An investigation of scale effects on the self-propulsion characteristics of a submarine

Sezen, Savas and Delen, Cihad and Dogrul, Ali and Atlar, Mehmet (2021) An investigation of scale effects on the self-propulsion characteristics of a submarine. Applied Ocean Research, 113. 102728. ISSN 0141-1187 (

[thumbnail of Sezen-etal-AOR-2021-An-investigation-of-scale-effects-on-the-self-propulsion]
Text. Filename: Sezen_etal_AOR_2021_An_investigation_of_scale_effects_on_the_self_propulsion.pdf
Accepted Author Manuscript
License: Creative Commons Attribution-NonCommercial-NoDerivatives 4.0 logo

Download (2MB)| Preview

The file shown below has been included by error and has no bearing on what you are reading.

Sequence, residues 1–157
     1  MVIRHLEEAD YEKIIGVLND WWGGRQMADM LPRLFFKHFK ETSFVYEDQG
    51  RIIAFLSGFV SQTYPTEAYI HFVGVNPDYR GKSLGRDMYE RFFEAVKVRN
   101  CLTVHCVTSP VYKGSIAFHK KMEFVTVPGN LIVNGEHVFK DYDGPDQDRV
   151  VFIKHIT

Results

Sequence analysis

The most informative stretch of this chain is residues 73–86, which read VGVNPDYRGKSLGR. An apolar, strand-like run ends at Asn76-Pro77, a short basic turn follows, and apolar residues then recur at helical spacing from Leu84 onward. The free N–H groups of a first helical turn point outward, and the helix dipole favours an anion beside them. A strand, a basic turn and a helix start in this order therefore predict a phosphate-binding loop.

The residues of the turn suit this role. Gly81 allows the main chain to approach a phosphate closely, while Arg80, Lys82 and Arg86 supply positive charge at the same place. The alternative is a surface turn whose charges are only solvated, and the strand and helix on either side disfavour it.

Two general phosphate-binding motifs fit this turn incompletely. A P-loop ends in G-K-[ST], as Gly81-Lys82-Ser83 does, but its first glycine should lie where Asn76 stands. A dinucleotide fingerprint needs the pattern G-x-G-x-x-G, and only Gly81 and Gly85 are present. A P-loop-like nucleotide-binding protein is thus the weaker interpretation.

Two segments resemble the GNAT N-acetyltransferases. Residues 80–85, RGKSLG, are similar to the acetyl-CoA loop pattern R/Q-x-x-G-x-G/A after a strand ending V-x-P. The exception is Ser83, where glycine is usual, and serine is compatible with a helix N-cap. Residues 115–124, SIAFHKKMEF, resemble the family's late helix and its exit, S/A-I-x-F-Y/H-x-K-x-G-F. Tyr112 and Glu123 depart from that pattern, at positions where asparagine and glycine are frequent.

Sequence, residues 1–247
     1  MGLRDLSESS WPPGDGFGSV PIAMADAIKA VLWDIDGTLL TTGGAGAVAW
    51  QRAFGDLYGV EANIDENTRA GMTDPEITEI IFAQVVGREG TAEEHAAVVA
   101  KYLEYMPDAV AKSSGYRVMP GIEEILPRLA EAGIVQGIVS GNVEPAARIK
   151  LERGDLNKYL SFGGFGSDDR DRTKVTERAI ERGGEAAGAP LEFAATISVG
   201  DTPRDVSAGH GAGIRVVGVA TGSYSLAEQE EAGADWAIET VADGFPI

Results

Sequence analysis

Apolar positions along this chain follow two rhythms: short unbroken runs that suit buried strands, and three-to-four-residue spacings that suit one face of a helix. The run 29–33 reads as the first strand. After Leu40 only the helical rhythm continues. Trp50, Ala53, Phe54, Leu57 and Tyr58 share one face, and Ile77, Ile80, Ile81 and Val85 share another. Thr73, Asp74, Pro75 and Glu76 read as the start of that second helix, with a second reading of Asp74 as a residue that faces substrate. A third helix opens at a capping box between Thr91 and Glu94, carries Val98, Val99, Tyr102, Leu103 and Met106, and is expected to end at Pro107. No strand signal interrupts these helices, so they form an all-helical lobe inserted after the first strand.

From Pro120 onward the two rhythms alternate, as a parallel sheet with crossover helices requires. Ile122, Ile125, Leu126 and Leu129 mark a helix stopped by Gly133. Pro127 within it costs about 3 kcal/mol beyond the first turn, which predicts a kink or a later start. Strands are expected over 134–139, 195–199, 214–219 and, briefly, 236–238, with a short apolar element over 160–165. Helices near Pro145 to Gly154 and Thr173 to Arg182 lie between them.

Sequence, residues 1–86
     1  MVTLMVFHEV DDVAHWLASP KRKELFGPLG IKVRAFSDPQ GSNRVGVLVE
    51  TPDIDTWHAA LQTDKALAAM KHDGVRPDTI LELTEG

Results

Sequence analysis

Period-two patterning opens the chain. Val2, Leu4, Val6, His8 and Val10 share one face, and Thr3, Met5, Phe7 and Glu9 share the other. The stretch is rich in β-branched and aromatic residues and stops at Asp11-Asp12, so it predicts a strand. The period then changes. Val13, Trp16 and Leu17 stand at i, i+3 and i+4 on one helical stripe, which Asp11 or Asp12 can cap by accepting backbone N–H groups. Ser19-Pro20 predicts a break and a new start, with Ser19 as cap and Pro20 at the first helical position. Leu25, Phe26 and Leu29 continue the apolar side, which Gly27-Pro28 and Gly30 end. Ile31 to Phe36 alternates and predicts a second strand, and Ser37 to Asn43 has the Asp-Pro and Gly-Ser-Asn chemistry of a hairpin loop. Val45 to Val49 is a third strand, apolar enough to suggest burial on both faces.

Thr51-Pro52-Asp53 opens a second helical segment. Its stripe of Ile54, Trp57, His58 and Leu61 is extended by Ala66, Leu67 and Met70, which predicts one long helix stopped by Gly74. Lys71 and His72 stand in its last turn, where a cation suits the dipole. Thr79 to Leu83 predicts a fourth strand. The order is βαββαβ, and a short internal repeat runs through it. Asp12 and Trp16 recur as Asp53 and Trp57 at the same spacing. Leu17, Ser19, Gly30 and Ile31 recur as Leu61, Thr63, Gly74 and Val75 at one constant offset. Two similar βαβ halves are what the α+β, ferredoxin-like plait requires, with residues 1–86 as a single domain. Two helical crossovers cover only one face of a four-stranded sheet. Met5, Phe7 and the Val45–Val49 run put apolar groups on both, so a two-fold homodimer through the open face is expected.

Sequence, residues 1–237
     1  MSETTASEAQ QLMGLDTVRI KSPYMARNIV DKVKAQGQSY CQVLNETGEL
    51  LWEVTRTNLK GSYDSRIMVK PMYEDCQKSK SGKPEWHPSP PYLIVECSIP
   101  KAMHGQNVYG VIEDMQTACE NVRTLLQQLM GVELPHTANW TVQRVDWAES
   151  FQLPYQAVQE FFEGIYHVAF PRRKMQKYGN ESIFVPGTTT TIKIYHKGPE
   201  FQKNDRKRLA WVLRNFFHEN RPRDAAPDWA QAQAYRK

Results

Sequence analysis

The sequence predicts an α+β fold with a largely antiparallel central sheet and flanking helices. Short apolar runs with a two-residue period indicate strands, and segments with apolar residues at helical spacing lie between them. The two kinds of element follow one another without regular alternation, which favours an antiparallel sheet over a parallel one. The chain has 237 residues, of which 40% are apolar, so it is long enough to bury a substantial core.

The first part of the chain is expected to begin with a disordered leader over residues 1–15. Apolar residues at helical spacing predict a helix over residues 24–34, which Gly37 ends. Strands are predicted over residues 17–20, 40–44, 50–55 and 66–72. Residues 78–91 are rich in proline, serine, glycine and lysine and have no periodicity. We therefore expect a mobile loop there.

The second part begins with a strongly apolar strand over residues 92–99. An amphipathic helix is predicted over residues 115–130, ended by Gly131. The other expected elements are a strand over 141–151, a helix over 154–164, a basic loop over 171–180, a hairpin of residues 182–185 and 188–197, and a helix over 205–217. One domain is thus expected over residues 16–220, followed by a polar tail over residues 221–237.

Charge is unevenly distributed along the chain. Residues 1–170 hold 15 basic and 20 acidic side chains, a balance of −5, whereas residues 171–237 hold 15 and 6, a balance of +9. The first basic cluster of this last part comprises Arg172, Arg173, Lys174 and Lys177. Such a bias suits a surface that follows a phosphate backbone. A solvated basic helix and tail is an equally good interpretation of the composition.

This study’s main objective is to investigate the scale effect on the benchmark DARPA Suboff submarine hull form’s resistance and self-propulsion characteristics. The study’s secondary objective is to explore the feasibility of the 1978 ITTC performance prediction method for submarines’ power prediction. In achieving both objectives, the CFD solver is utilised. Hence, the flow around the three different scales of the DARPA submarine forms and its propellers, including a full-scale one, is first solved using the steady RANS method with the k-ω SST turbulence model. Verification studies are conducted to determine the uncertainty level of the numerical computations for each scale. The hull resistance, propeller open water and self-propulsion performances are validated with the available experimental data and other numerical studies in the literature for the widely used benchmark sub-marine model. In the self-propulsion simulations, the propeller flow is modelled using the discretised propeller geometry with the Moving Reference Frame (MRF) approach. Also, the Proportional Integral (PI) controller is adopted to find the self-propulsion point efficiently. The scale effects on the hull resistance and its components, nominal wake fraction and self-propulsion characteristics, are explored at two different velocities. The extrap-olated numerical results obtained by the 1978 ITTC procedure show that the scale ratio decrease enables better prediction of the self-propulsion characteristics compared to the full-scale CFD predictions. As well as this, the extrapolated self-propulsion characteristics using the model scale results, which are obtained by the CFD com-putations, are found to be in good agreement with those of the full-scale CFD results. The study, therefore, suggests that the 1978 ITTC performance prediction method can be used in some confidence to extrapolate the performance results from the model to full-scale for the submerged bodies, similar to the surface ships. This study also presents the full-scale self-propulsion characteristics of the benchmark DARPA Suboff form for the first time in the literature using the CFD tool over a realistic range of submarine forward speeds.